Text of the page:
Mr Frederick Pethick-Lawrence: In view of that answer, can the right hon. Gentleman say under what authority these prisoners were brought from Ireland to this country?
Mr Frederick Pethick-Lawrence: 20. asked the Home Secretary whether he will give particulars of the cases of the three prisoners, Rogers, O'Boyle and Conlin, who were convicted in Ireland, and are at present imprisoned in England?
Mr Frederick Pethick-Lawrence: 61. asked the Chancellor of the Exchequer whether his attention has been drawn to the judgment of Mr. Justice Rowlatt in the matter of the Income Tax of the Brighton College, in which the learned Judge held that the incidental profits of this educational body, although partaking of the nature of trading profits, were not taxable; and whether, in view of the importance of this decision to...
Mr Frederick Pethick-Lawrence: 60. asked the Chancellor of the Exchequer when the Sixty-sixth Report of the Commissioners of Inland Revenue will be published; and, seeing that the Sixty-fifth Report was published more than 18 months ago, what is the reason for the unusual delay?
Mr Frederick Pethick-Lawrence: Can we hope to have the Report before the House rises for the Summer Recess?
Mr Frederick Pethick-Lawrence: 20. asked the President of the Board of Education whether he will lay a White Paper showing, for the last four years, the proportion which pupils attending grant-earning secondary schools bear to the population in England and Wales as a whole, and also in the area of each local education authority separately?
Mr Frederick Pethick-Lawrence: 1 asked the Chancellor of the Exchequer whether he will consider the possibility of extending national responsibility for mental ex-service patients retrospectively, so as to cover the period from 1st October, 1922, to 31st March, 1924, during which national responsibility was disavowed?
Mr Frederick Pethick-Lawrence: 13. asked the Minister of Agriculture whether his attention has been called to the present conditions relating to the export of horses for slaughter; and whether he proposes to take any steps in the matter?
Mr Frederick Pethick-Lawrence: I agree with what my hon. Friend has just said in regard to this case. I am sure the Under-Secretary of State for the Home Department will appreciate the fact that those who are making this appeal to him are every bit as much horrified by the crime perpetrated as anyone can be in any part of the House, but our feeling is that in the peculiar abnormality which this lad has shown and which if...
Mr Frederick Pethick-Lawrence: In view of the abnormal conditions under which
Mr Frederick Pethick-Lawrence: 31. asked the Secretary of State for War what are the rates paid to soldiers disabled in the recent disorders in the Sudan; what are the allowances to widows and parents of soldiers killed; and why these rates and allowances arc less than those in similar casualties in the Great War?
Mr Frederick Pethick-Lawrence: I beg to move, to leave out from the word "That" to the end of the Question, and to add instead thereof the words in the interests of efficiency in the Navy and a contented personnel on the Lower Beck, every facility should be afforded for the rectification of grievances, welfare committees should be encouraged and granted greater freedom of expression, and the opportunity of ultimate high...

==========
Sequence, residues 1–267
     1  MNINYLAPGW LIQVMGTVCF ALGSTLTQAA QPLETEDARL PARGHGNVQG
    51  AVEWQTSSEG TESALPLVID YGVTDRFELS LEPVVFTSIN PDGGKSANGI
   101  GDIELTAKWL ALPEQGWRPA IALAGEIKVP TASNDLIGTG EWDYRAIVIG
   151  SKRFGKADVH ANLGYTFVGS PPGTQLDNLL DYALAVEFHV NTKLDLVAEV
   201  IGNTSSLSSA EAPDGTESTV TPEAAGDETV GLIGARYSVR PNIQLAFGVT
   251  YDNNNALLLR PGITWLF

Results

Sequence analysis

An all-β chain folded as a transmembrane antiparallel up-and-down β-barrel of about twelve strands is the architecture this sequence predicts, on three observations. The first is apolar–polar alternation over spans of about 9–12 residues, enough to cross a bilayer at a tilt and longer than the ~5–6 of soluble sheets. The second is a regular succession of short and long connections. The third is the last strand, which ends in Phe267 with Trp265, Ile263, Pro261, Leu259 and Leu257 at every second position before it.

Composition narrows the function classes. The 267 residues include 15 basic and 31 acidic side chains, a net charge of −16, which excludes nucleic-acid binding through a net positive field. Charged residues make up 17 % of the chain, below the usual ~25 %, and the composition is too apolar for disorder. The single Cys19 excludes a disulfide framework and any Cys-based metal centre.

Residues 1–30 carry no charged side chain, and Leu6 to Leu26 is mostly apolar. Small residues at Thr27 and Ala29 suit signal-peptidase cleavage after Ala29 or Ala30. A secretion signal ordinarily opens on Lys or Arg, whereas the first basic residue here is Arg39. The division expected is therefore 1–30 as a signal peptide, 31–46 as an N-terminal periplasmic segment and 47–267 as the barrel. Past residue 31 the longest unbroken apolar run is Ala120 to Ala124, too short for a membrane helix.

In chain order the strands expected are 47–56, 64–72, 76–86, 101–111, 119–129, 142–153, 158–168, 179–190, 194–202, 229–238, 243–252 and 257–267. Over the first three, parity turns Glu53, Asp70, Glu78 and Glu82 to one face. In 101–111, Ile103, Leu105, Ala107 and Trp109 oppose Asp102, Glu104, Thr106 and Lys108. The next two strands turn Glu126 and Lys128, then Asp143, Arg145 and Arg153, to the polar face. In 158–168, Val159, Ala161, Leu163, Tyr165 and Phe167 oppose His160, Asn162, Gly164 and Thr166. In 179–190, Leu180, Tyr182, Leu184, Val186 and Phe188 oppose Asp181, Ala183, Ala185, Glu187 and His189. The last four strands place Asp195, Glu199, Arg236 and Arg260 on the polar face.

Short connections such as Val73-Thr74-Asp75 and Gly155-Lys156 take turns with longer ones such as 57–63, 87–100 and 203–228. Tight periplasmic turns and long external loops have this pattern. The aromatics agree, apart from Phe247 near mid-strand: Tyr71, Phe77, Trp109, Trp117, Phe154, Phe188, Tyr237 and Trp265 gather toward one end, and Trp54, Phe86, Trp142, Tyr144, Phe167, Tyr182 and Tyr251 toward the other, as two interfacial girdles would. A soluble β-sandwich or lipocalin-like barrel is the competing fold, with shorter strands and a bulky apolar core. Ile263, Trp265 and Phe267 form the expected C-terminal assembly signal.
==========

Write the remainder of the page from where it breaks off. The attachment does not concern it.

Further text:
Mr Frederick Pethick-Lawrence: If I am wrong, let me put it in this way. The rights of the dependants of officers to pensions are very much higher than those of the men. and a claim can be made on behalf of an officer which would not be entertained on behalf of a seaman. The seamen ask that their dependants shall be looked after by the country which enjoys their services in the same way in which officers' dependants are...
Mr Frederick Pethick-Lawrence: It does not make any difference. I am speaking on the general question.
Mr Frederick Pethick-Lawrence: This is not really a party question, and I hope Members on all sides of the House, to whatever party they belong, will support the rights of the men in the Navy. There is another small matter I should like to mention, but I hesitate to do so in the presence of the hon. Member for Plymouth (Viscountess Astor). It is the question of rum ration. It is not a question of the giving or withholding...
Mr Frederick Pethick-Lawrence: One word on the question of promotion. I am sure that we cannot go on under the old inefficient method of promotion, and I suggest that there should be a ladder from the lowest to the highest, and that it may take something of this form. A man of good character, who has served for five years, should become eligible for an examination, and, if he proves himself capable and efficient in that...
Mr Frederick Pethick-Lawrence: Surely we could have a better distribution of what space there is.
Mr Frederick Pethick-Lawrence: What was unanimous about it?
Mr Frederick Pethick-Lawrence: 62. asked the Secretary of State for War why the casualty allowances in the Sudan are considerably lower than those payable in respect of casualties arising out of the Great War?
Mr Frederick Pethick-Lawrence: Is it the intention of the right hon. Gentleman to reduce the scale of allowances in respect of the Great War to that of this scale in 1926?